Make Sure You’re Wearing the Marketing Maillot Jaune
The eyes of the world’s sports fans strayed momentarily from Brazil to good old Blighty last weekend as the stars aligned to bring the British Grand Prix, the Wimbledon finals and the Tour de France to England all on the same weekend. Of all of these, the Tour de France was by far the most momentous. The men’s final at Wimbledon may have been a five set nail biter, but a version of that happens on the same court every year. It was the Tour de France, incongruously transported from the fields of France to the Yorkshire Moors for one year only that made it so special…and the warm Yorkshire welcome it received that made it more special still.
OK…let’s be honest, ‘warm Yorkshire Welcome’ goes slightly against the dour stereotype. But stereotypes are made to be disproved and, last weekend, Yorkshire really did just that. An estimated 2.5 million spectators lined the route to cheer on the cyclists as they tackled some of the toughest terrain England could throw at them.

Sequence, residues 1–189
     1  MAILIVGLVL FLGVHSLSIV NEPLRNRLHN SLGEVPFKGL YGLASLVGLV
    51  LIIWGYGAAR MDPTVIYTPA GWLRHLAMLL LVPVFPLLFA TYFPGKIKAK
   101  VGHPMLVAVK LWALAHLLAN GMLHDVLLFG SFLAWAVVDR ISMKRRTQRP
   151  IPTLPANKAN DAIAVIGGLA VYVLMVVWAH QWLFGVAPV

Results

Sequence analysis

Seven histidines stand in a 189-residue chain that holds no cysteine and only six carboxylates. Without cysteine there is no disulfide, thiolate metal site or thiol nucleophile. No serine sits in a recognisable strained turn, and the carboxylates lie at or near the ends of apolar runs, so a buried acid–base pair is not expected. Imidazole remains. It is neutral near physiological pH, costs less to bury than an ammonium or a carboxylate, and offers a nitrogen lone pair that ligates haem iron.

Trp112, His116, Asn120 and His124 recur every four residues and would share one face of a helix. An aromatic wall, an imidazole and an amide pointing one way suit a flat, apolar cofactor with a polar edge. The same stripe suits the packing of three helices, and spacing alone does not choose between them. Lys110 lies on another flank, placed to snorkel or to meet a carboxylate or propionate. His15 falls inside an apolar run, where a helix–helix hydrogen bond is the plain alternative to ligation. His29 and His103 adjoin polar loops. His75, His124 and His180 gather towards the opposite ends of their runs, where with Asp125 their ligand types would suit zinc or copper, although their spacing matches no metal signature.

It was the culmination of months of excitement that has seen yellow signs – and yellow Jerseys – building the excitement and celebrating the event across streets, stations and school classrooms.
The point here is not that Yorkshire has done a great job of hosting Le Grand Départ this year; it has, that’s a given. The point is that this was an opportunity to sell everything from cream teas to wedding venues and Yorkshire has embraced it wholeheartedly as the best international marketing opportunity it has ever had.
It’s unlikely that most businesses will ever be handed a global audience on plate in quite the same way, and an audience of cycling enthusiasts would probably not be top of most B2B companies’ target demographic anyway. However, Yorkshire’s success in capitalising on the buzz surrounding the Tour de France, both over the Grand Départ weekend and for months before, is as much about effective communication and boundless enthusiasm as it is about the event itself.
Yorkshire leveraged all the brand power of both Le Tour and the Yorkshire landscape to demonstrate why the location was ideal for the first two stages of the race and why people should get involved.
It’s a useful lesson in the importance of identifying key opportunities and focusing on making the most of them. So whether that’s an anniversary, a new contract win, a VIP visit or a manufacturing milestone, make sure you win the race to make it count.